The initial months of the general election did nothing to suggest Romney had learned much from these prior experiences.His transition from primary candidate to general election candidate was flaccid, the roll out of his running mate was sloppy and error prone and his “pretend POTUS” trip abroad was enshrined thusly by the British tabloids: “Mitt the Twit.” Owing to Romney’s spotty record as a candidate, it should be unsurprising that he stumbled out of the gate, but these errors have morphed into a full fledged implosion since the completion of each party’s nominating convention.
The fact that Romney is now in such trouble is unsurprising. The three-legged stool that any successful politician relies on is his personal biography, record as an elected official and, if applicable, record outside of government. On all three fronts, Romney’s inability to connect those dots into a compelling narrative is his greatest shortcoming, but the failure is entirely his own.As a candidate, Romney rarely if ever speaks about his Mormon faith and what personal shading was offered at the Republican Convention had far more to do with his father (a touching story about giving his wife a rose each day of their marriage) than anything about the Governor.
As for policy ideas, the Internet is ugly with video evidence of Romney’s prevarications. He has portrayed himself as everything from a “moderate” to “severely conservative,” a supporter of a woman’s right to choose to someone who supports a “personhood amendment,” for stimulus spending to speed economic recovery, but now against it, in favor of letting “Detroit Go Bankrupt” but now taking credit for the auto industry’s revival and on and on. Hours could be spent trolling YouTube watching Mitt’s flip flops over the years, and that his campaign didn’t account for this speaks either to its naivete or arrogance.Either way, those flip flops are haunting him because they reinforce the notion that Romney will say anything to get elected President.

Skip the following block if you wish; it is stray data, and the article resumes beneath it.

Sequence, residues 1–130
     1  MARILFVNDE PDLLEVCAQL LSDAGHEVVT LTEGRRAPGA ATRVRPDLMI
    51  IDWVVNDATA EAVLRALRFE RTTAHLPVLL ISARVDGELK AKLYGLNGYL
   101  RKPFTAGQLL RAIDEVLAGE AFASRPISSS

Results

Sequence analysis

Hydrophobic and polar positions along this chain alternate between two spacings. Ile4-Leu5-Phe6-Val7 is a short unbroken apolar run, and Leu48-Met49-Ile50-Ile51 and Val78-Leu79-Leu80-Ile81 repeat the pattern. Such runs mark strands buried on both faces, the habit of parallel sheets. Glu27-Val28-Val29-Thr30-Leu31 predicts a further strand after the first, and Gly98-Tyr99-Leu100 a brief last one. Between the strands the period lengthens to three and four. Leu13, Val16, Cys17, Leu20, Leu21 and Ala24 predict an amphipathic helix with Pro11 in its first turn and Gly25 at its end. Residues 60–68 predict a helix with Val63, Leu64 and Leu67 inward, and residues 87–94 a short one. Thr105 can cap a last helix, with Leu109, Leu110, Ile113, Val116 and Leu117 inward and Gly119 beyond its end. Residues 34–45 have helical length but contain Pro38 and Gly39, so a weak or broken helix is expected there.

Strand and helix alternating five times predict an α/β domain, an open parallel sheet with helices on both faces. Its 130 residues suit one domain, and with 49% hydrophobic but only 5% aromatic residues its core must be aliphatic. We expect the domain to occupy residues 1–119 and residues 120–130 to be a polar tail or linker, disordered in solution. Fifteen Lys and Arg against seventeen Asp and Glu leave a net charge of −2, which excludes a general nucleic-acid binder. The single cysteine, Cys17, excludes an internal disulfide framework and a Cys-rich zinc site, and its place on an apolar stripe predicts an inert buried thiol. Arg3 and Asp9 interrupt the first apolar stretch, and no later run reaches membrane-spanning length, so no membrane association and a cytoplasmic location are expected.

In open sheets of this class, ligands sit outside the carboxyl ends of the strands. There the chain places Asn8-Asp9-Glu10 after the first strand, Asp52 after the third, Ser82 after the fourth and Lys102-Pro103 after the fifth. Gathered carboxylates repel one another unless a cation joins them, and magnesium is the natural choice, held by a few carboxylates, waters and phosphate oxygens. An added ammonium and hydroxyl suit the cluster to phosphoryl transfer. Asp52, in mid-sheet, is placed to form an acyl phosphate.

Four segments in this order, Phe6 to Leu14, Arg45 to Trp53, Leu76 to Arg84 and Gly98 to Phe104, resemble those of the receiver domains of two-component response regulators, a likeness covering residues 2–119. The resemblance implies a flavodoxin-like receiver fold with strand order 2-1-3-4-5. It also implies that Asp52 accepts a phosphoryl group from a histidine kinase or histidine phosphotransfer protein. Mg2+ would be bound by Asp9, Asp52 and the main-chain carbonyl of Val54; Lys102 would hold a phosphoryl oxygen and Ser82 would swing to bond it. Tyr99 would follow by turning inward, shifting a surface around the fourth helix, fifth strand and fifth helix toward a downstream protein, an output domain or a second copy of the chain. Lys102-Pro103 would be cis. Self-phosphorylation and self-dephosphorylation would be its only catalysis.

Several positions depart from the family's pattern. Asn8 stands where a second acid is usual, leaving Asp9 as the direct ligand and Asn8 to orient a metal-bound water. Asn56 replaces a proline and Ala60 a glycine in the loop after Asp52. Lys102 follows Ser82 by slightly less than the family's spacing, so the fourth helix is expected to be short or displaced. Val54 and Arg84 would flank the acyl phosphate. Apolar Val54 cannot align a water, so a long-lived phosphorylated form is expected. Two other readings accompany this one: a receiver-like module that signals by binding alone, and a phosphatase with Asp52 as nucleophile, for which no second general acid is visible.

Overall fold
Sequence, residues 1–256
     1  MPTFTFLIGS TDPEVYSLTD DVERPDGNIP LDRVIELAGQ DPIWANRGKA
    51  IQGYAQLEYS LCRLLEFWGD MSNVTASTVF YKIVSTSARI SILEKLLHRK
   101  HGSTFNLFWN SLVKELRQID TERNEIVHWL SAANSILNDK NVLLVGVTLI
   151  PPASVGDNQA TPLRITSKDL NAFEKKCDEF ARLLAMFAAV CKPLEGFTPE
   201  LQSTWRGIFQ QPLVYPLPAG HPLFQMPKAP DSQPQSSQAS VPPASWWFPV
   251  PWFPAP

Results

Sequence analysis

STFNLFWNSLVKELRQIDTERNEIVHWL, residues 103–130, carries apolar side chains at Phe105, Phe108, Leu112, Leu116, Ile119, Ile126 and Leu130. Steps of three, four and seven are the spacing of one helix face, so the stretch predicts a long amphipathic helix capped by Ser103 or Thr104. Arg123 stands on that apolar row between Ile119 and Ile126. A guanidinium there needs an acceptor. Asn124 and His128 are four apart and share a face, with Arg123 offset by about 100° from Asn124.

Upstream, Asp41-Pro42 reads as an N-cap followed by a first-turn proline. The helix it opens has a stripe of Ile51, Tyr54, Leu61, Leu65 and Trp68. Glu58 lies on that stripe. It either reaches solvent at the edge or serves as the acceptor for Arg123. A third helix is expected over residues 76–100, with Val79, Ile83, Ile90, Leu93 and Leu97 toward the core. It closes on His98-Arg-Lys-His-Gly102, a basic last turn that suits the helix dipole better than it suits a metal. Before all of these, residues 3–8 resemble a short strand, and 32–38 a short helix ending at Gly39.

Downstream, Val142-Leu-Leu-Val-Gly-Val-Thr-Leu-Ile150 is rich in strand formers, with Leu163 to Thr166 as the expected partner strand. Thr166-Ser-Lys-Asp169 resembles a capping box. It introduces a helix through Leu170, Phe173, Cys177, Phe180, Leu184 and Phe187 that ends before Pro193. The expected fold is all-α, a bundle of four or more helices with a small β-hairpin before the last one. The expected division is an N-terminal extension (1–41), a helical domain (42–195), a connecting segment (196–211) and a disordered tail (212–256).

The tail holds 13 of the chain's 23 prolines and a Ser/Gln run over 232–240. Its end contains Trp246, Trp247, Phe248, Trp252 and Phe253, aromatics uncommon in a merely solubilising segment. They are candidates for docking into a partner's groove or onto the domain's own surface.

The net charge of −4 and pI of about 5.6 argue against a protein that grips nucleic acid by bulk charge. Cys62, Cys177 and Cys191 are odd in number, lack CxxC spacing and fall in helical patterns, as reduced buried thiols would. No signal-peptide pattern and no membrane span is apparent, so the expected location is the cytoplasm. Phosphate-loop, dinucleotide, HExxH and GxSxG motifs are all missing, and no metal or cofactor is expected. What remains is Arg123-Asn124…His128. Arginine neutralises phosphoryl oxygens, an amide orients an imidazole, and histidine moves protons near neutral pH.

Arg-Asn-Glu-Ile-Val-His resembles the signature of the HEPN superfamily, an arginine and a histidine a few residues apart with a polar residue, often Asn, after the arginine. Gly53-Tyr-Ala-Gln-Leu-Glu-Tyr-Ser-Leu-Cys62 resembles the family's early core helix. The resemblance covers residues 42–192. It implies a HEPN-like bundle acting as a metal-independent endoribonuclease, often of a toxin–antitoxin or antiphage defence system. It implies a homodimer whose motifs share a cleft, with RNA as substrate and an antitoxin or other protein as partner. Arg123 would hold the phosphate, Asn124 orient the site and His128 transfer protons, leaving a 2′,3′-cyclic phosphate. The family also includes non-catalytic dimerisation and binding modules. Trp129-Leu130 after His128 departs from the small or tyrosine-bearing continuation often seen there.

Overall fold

In government, his one achievement was a health care law that he never talks about for fear of pissing off his conservative base, and at the vaguest whiff of supporting any elements of the federal model, the blowback from the right wing of his party has been so massive he immediately backtracked. Romney’s slavish devotion to capturing the affection of the right wing was evident throughout the primary season, but the extreme stances he took on issues like immigration and abortion are now biting him in the ass.Unlike the amateur hour level talent Romney ran against during the primaries, Obama’s team has skillfully and relentlessly skewered Romney not only as a venal corporate raider, but as someone who lacks a moral compass or interest in community, an enemy to women who value their reproductive rights and filled in the blanks in Romney’s vacuous policies to cement the public’s view that Romney will protect the rich at the cost of everyone else.